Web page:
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Sunday, September 21, 2014
Taiwan -- Latin American culture fest draws crowds
A large crowd endured the heat Saturday to participate in a festival that highlighted Latin American and Caribbean cultures in a bid to promote cultural exchanges between Taiwan and that region.
Economics Minister Duh Tyzz-jiun (杜紫軍) yesterday stated that bottled water and mineral water products must conform to government guidelines, and that offenders will be penalized for violation of the Trademark Act (商標法).
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Taiwan has recorded its first thallium (鉈) poisoning cases in over a decade, with three medical staff at the same hospital falling victim and the cause remaining unknown, doctors said Saturday.
Taipei, Sept. 20 (CNA) Pili International Multimedia Co. (霹靂布袋戲), a leading puppet show producer in Taiwan, is scheduled to launch an initial public offering on the local over-the-counter market Oct. 7.
The renovated former residence of Chang Hsueh-liang (張學良), a key figure in the modern history of China, in Wufeng Township, Hsinchu County, was opened to the public Saturday with a ribbon-cutting ceremony attended by his relatives.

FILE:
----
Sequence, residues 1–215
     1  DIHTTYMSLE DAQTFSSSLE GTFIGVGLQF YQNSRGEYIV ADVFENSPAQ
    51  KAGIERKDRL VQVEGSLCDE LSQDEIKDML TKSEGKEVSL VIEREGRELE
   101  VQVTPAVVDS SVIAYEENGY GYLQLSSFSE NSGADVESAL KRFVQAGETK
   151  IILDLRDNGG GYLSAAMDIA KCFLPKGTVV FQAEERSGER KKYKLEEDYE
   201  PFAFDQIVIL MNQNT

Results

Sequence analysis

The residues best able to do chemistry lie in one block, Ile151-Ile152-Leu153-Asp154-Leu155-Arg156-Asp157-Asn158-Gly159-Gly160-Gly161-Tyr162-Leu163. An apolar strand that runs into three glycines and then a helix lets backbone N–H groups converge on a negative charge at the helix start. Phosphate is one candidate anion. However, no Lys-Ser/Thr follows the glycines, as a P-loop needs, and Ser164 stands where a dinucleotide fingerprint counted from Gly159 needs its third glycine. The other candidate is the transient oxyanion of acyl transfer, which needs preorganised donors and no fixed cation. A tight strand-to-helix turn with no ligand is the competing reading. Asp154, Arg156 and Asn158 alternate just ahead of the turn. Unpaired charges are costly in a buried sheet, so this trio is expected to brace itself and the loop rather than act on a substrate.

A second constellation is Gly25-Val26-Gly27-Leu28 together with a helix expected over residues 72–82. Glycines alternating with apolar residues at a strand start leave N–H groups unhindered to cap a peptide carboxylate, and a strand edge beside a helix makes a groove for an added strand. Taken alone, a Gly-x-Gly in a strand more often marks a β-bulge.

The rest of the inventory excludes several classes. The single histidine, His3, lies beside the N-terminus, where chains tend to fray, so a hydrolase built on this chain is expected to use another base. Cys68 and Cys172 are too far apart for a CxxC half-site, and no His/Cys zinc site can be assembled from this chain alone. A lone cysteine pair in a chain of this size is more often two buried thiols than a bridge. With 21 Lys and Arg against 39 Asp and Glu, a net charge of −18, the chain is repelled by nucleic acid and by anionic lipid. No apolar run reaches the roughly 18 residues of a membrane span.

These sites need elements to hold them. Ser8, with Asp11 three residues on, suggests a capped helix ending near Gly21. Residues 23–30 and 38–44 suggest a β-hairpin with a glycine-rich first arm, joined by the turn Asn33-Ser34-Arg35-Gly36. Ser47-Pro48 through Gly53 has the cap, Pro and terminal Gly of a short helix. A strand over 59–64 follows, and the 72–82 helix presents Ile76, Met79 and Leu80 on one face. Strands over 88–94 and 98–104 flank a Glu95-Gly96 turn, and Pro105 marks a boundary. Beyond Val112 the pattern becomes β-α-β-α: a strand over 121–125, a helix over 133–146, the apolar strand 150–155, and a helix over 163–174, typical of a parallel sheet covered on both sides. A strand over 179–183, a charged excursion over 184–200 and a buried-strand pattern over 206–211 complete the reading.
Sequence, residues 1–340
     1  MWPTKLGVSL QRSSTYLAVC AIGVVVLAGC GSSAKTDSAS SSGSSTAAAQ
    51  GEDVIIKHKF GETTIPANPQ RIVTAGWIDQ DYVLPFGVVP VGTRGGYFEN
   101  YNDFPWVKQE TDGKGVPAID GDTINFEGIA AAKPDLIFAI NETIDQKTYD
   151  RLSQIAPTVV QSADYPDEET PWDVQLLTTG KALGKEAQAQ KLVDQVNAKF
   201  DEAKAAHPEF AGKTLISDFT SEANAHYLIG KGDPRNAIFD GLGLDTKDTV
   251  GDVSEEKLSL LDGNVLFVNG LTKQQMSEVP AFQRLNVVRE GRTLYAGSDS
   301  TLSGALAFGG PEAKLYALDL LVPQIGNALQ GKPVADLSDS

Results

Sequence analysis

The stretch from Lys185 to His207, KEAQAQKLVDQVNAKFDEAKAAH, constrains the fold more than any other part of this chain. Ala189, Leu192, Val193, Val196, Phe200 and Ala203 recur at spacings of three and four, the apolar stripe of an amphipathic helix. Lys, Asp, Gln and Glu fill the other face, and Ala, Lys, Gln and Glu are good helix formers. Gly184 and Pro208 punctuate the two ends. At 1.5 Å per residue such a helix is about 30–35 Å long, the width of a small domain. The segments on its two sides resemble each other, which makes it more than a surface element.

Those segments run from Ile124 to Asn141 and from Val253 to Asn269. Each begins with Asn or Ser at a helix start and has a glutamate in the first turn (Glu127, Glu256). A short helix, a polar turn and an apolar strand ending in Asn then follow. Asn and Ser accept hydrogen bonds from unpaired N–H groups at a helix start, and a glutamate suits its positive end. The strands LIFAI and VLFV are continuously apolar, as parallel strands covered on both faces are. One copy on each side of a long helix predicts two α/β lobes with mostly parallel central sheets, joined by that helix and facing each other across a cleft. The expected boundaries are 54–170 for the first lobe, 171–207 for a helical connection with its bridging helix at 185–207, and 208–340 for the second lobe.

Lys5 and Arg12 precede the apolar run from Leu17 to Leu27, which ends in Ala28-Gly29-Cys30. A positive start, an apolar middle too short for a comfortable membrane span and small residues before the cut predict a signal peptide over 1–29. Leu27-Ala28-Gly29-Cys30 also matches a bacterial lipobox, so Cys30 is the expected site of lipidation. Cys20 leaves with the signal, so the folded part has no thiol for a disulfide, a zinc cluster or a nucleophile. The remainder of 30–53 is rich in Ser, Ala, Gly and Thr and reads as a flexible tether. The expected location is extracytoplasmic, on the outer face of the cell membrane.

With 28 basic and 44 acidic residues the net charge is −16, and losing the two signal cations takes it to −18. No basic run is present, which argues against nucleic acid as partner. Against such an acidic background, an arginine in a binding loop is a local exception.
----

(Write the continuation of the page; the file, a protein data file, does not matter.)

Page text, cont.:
Taiwan -- Man killed by passing train on platform in Keelung City
A train accident occurred yesterday when a man stuck his head out from the platform at Baifu station in Keelung City (基隆市) and was instantly killed as the passing Taroko Express struck him.
Between January and August this year, 132,470 babies were born in Taiwan, a 0.5 percent increase from the same period of 2013, according to statistics released Saturday by the Ministry of the Interior.
Indemnities will be given from Oct. 1 for people who die during surgery or under anesthesia, in a bid to lower the number of malpractice lawsuits and improve the sometimes tense doctor-patient relations in Taiwan, the Health Ministry said Saturday.
Taiwan -- The Sunflower Movement wakes up Taiwan
Almost unheard of among the world's democracies, the occupation of a government office building was considered rash and highly unnecessary by many. But what had stemmed from a “rash decision” made on a spring night had blossomed into a string of pro-democracy events that awakened the small slip of land that lies dangerously near China's southeast coast.
Tens of thousands of protesters in Taipei stepped onto the streets in Taiwan's capital city on April 26 as part of a latest round of anti-nuclear demonstrations that has been going on for years in the island country to demand its government immediately terminate the Fourth Nuclear Power Plant project.
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